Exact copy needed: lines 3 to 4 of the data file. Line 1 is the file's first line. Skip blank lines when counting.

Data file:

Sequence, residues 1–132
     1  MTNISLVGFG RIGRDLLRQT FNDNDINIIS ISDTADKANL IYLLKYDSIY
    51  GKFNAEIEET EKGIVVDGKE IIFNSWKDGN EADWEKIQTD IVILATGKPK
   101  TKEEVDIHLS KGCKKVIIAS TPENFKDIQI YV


    51  GKFNAEIEET EKGIVVDGKE IIFNSWKDGN EADWEKIQTD IVILATGKPK
   101  TKEEVDIHLS KGCKKVIIAS TPENFKDIQI YV